If your WebGL appetite still wants more 3D goodness in your browser, here are two additional examples since last week’s story.
Via Tiago, Shadertoy is an in-browser renderer that allows you to edit shader code in GLSL (the basic language of an OpenGL GPU) and render it in-browser. The only bad news is that this project from 2009 may not have kept up with rapidly-changing browser specs; for me, 2D shaders worked perfectly on an NVIDIA 320M, but not anything 3D, in either Chrome or Firefox. But some of you know much more about this than I do, so have a look at the error messages and perhaps you can suggest a fix.
There are various free tools for tinkering with shaders on Mac, Windows, and Linux, but I do like the idea of fiddling in the browser – and for 2D, it’s already great fun. (Maths!)
Shader Toy v0.2 by Inigo Quilez 2009 (iq/rgba), http://www.iquilezles.org
37 shader, 14 contributors: Adrian Boeing, Auld, Danguafer/Silexars, Lars Huttar, L.Mallet, Mic, Psycho/Loonies, Simon Green/NVidia, Tigrou, Viktor Korsun, W.Yutani, XT95/FRequency, xTr1m/BluFlame and iq/rgba. Send me your shaders if you want to contribute.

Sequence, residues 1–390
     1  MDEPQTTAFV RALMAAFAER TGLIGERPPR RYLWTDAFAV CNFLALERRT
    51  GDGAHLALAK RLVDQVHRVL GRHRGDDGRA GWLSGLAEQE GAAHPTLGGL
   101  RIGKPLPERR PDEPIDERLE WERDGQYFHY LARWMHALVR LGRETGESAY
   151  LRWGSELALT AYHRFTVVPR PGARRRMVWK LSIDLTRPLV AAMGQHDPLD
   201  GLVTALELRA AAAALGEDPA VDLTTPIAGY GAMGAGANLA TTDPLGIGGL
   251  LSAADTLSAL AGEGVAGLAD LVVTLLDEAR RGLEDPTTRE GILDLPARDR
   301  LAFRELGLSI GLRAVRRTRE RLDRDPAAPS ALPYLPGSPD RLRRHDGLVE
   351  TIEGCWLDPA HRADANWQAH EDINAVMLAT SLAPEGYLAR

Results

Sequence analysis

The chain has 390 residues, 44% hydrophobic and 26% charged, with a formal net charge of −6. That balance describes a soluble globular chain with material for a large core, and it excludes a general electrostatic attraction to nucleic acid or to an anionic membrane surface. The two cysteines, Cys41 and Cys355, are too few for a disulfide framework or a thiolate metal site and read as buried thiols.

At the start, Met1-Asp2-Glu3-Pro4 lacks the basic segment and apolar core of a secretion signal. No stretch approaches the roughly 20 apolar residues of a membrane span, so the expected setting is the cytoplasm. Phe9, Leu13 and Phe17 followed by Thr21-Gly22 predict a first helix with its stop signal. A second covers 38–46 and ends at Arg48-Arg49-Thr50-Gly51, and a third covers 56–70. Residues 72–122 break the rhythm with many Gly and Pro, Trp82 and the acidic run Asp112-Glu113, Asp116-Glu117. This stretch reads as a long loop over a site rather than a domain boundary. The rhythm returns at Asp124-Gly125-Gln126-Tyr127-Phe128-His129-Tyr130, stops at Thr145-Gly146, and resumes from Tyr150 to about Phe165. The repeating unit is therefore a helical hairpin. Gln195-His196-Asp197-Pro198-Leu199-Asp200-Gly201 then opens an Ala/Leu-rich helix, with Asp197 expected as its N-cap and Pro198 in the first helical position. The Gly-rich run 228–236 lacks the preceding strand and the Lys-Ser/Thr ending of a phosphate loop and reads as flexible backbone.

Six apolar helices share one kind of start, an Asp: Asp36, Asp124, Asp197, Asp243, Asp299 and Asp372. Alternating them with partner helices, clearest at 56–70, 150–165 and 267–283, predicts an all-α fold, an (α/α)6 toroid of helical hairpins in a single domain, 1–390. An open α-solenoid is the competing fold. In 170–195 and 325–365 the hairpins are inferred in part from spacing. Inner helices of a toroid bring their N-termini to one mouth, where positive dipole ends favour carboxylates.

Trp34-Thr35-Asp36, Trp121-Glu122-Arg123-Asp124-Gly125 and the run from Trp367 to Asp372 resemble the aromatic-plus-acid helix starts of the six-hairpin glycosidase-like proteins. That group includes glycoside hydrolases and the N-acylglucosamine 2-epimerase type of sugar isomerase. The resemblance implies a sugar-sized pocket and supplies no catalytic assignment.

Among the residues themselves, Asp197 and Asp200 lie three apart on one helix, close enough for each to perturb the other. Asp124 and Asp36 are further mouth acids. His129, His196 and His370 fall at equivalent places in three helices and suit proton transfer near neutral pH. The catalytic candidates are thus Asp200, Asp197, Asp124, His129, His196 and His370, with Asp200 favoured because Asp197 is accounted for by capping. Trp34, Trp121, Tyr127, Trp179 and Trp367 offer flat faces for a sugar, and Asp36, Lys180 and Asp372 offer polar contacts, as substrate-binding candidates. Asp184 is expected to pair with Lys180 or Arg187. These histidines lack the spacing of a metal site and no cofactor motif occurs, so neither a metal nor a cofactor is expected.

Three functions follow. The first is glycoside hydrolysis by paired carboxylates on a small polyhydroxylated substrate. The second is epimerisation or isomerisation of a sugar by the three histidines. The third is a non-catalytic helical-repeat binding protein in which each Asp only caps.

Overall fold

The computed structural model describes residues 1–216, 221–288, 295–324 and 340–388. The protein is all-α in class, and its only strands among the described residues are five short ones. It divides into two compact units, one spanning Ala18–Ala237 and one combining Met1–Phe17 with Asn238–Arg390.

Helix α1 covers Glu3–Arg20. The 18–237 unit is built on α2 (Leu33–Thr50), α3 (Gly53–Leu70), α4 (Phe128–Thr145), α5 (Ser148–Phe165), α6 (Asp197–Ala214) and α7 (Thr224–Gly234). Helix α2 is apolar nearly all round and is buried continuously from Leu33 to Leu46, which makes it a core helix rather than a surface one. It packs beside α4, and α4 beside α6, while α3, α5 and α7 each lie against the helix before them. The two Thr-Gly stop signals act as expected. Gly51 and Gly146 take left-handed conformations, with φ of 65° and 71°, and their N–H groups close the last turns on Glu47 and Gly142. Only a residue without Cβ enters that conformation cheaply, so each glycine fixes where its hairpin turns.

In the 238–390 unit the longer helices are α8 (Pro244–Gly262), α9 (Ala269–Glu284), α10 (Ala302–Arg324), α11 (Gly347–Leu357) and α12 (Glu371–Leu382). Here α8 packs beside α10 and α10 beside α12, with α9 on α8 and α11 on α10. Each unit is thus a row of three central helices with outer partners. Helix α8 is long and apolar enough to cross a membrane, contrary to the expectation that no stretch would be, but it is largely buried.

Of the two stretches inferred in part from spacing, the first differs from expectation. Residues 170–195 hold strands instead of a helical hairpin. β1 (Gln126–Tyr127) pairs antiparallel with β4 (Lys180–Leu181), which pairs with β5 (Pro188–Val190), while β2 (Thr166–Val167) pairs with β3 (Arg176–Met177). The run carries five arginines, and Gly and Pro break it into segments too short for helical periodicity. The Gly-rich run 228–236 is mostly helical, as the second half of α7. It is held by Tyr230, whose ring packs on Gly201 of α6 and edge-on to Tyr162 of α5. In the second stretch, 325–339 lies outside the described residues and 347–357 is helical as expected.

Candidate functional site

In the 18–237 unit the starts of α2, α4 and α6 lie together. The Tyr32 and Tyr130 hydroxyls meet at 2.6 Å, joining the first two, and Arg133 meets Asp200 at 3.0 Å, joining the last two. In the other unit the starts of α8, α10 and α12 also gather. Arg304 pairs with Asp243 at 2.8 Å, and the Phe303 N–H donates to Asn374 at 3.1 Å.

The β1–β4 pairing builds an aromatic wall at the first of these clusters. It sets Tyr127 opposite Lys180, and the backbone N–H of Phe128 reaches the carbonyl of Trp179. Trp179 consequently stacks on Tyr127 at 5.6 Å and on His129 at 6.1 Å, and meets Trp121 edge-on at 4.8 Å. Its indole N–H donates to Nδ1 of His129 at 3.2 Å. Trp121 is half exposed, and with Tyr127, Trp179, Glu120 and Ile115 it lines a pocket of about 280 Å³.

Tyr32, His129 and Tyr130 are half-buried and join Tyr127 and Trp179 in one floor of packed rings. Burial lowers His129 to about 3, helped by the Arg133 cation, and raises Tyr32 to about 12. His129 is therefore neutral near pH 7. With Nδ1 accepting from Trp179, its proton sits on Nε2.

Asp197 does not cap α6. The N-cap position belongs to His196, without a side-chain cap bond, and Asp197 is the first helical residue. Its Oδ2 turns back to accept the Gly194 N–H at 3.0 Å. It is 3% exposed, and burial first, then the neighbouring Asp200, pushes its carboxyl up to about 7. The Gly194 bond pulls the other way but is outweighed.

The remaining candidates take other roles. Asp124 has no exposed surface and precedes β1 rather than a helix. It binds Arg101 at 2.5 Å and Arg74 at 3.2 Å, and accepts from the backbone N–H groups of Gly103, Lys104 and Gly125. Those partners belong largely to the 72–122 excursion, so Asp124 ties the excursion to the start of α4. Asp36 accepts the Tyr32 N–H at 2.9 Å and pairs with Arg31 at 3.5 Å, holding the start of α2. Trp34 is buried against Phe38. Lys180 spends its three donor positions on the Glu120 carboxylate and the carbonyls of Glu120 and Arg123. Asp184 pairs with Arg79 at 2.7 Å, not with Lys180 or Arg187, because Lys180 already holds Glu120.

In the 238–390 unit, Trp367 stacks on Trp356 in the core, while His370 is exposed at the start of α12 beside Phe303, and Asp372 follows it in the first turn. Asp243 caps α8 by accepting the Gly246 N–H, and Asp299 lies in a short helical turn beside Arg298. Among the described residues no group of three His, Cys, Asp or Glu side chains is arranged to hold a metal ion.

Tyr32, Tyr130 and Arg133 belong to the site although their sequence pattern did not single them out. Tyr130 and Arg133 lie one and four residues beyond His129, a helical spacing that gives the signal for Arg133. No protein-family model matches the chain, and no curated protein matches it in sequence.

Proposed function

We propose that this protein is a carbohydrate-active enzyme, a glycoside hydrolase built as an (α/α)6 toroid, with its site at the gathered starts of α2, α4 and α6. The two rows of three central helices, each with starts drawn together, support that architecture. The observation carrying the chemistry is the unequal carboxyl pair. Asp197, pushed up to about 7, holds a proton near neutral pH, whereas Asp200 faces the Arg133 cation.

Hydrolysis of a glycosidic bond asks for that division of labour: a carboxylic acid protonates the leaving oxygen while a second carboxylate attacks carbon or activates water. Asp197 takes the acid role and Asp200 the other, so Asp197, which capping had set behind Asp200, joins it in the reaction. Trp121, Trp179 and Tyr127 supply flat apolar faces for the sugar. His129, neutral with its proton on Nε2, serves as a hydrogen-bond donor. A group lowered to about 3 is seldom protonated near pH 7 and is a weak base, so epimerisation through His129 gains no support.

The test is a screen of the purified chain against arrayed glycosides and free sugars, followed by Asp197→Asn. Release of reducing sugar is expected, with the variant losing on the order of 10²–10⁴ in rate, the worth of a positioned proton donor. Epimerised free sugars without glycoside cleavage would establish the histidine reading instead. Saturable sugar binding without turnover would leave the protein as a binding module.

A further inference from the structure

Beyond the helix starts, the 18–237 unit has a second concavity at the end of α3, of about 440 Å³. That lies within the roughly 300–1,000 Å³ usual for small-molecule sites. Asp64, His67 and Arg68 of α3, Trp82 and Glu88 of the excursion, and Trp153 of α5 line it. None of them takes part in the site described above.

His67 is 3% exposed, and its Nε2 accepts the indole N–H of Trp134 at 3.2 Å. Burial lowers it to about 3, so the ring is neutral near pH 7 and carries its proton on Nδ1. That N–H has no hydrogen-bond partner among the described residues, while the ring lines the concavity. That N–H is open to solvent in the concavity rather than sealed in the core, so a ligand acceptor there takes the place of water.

If all that work makes you want a break, Fireflies by Joe Turner mixes both WebGL for graphics and the new audio API for live, real-time sound. The ingredients combine into a lovely, soothing game of particles, true to the name. Your mileage may definitely vary as this is new stuff – Chrome I believe recently added audio API support, but Firefox is probably your best bet. Joe writes:
Fireflies is an audio-visual game inspired by the behaviour of swarms of fireflies. Players take the viewpoint of a single firefly within the swarm, having control over the forces governing the patterns and music generated by the swarm. The game looks to explore the structural relationship between swarms and music, and the necessity of precise control in improvised audio-visuals.
And he adds a personal note:
You’ll need a fairly recent Firefox 4 Beta as it uses WebGL and the Audio Data API. Also, some belated thanks; I first found out about the Audio Data API in a post from a few months ago and it’s amazing technology. The game wouldn’t exist without you!
Lovely work, Joe! I really do look forward to seeing more of these sorts of experiments, especially as the ability to put the project and code in the browser is ideal for quick sketches, collaboration, and teaching.
In your browser or not, keep the work and inspiration coming!